Fleischner sign

Fleischner sign describes a prominent dilated central pulmonary artery on chest x-ray, associated with massive embolus enlarging the luminal diameter of the proximal artery acutely; or pulmonary hypertension in the subacute to chronic setting.

The sign occurs most commonly in the setting of massive pulmonary embolism (defined angiographically as involving 50% or more of the major pulmonary artery branches), but has a relatively low sensitivity in diagnosis. Note: An ancillary finding may be the abrupt tapering of the occluded pulmonary artery distally, creating the ‘knuckle sign‘ (best seen on CTPA rather than CXR)

Fleischner sign dilated central pulmonary artery
Fleischner sign
  • (A) enlargement of the right interlobar artery (arrow).
  • (B) Angiogram confirms the presence of multiple filling defects representing multiple emboli and a distended right interlobar artery (arrow).

History

1958 – Fleischner published a case report of a 39 year old hospitalised man who developed sudden sharp right sided chest pain and dry cough with preceding thrombophlebitis of the right foot and ankle. Fleischner highlighted the prominent right hilar shadow on chest x-ray of the patient and associated this with a large unilateral embolus.

an embolus had lodged in the right pulmonary artery. The mechanical obstruction and vasoconstriction of the peripheral arteries prevented blood flow to the right lung, which appeared oligemic. The right hilar shadow was increased in size, due either to the embolothrombus lodged there or to the pulmonary hypertension, or to both.”

Fleischner, 1958 (in reference to a chest radiograph)

Fleischner sign 2.0

Fleischner sign is most commonly attributed to a dilated central pulmonary artery associated with pulmonary embolus. However, Fleischner lectured and published extensively on pulmonary embolus and pulmonary hypertension between 1941 and 1962. As a result, he has been eponymously affiliated with other CXR changes often observed in pulmonary embolism such as the raised hemidiaphragm with basal atelectasis

Roentgenologically, in addition to the classical infarct, we look for signs of impaired ventilation, such as high position of the diaphragm, diminished ventilatory diaphragmatic excursion and basal atelectasis, often in the form of plate atelectasis. The diminished distance between the right dome of the diaphragm and the horizontal interlobar fissure is a good yardstick for inhibited ventilation. This ventilatory inhibition may occur on one side only or bilaterally.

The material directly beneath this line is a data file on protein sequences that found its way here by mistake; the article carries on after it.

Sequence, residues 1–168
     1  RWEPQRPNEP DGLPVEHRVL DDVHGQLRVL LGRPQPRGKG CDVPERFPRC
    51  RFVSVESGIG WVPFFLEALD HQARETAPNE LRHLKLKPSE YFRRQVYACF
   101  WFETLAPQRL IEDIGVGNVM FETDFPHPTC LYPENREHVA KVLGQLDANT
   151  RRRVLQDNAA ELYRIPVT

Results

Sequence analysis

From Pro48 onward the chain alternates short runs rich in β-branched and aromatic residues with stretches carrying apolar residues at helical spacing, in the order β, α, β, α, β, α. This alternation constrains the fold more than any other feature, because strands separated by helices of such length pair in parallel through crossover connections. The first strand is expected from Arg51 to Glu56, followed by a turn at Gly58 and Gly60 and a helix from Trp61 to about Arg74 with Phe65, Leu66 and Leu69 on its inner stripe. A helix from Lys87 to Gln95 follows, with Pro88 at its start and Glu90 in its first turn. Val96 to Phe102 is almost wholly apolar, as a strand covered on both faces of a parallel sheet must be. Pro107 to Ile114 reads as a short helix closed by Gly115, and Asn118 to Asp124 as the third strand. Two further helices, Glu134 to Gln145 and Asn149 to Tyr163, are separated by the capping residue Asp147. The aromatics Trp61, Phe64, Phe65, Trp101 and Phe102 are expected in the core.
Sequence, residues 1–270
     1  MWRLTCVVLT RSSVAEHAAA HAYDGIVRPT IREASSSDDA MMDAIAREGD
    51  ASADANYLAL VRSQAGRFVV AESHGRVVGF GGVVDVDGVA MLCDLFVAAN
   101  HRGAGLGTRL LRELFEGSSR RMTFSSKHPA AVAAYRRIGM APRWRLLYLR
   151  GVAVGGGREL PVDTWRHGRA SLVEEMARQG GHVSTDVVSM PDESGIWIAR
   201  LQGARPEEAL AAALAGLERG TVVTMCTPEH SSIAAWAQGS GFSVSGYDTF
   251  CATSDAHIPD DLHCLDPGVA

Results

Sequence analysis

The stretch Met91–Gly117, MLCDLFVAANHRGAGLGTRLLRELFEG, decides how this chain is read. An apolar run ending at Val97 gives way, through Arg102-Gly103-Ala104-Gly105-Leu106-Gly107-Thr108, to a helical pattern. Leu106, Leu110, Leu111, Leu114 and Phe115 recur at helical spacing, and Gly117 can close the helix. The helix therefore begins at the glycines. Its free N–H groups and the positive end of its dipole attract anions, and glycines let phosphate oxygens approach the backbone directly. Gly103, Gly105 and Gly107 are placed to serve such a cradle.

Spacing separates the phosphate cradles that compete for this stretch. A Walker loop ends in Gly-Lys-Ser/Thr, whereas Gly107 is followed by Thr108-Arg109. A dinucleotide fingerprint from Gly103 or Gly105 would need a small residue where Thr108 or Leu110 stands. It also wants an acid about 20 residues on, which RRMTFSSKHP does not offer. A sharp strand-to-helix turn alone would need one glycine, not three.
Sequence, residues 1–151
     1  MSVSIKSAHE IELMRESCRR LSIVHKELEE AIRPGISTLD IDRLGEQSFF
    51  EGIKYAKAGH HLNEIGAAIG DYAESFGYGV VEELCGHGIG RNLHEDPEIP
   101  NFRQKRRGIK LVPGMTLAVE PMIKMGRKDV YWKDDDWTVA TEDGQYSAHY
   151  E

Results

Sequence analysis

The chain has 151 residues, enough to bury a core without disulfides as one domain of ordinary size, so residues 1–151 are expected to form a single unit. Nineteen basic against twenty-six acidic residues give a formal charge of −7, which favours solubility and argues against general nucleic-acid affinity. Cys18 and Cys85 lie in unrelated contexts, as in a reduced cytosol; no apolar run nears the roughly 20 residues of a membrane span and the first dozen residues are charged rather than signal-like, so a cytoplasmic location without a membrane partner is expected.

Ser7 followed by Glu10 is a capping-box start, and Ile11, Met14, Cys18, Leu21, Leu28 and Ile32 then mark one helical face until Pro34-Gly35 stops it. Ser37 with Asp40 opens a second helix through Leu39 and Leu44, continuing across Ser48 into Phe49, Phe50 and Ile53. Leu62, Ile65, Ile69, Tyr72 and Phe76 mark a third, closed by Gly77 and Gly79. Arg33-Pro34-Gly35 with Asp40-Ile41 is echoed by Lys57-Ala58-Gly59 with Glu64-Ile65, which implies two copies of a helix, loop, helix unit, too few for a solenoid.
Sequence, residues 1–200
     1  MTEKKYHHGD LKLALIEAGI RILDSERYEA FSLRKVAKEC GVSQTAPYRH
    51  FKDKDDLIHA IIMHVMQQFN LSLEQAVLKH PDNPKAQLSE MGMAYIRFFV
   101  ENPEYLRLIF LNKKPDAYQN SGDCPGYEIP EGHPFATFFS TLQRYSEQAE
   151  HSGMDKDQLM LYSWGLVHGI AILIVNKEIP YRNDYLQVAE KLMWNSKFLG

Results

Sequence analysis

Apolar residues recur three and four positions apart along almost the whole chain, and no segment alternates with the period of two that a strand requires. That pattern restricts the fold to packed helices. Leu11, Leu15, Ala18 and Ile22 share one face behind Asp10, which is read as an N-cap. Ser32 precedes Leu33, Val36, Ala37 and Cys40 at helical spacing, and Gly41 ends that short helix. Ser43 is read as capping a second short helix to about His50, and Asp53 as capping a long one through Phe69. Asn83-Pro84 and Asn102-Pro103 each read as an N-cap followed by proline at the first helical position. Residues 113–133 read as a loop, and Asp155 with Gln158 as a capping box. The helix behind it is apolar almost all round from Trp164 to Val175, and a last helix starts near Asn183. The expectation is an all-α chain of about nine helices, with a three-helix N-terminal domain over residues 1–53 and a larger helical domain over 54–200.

Fleischner 1958

Respiratory inhibition is frequent and is revealed radiologically by a high position and diminished excursion of the diaphragm, and by basal atelectasis, often in the form of plate atelectasis.

Fleischner 1962
Other Fleischner pulmonary embolism pearls:
  • Pulmonary embolism may occur under the disguise of other pulmonary, cardiac, pleural, neurologic or abdominal diseases, and the classical clinical picture is the exception.
  • Among the signs and symptoms, chest pain and dyspnea, singly or combined, are the most common early signals. Haemoptysis is comparatively rare…
  • If pulmonary infarction is diagnosed by clinical means or roentgenologically, this signifies that there has been an episode of embolism…
  • The “triangular shadow” of the infarct is a fiction. Consolidations of any shape may be caused by infarcts. The classical appearance is a consolidation of cushion or hemispherical shape, with its longest extension arranged along a pleural surface…
  • Many instances of embolism, probably the majority, occur without infarct formation…

Associated Persons

Alternative names
  • Fleischner’s sign

References

eponymictionary CTA

eponymictionary

the names behind the name

Doctor in Australia. Keen interest in internal medicine, medical education, and medical history.

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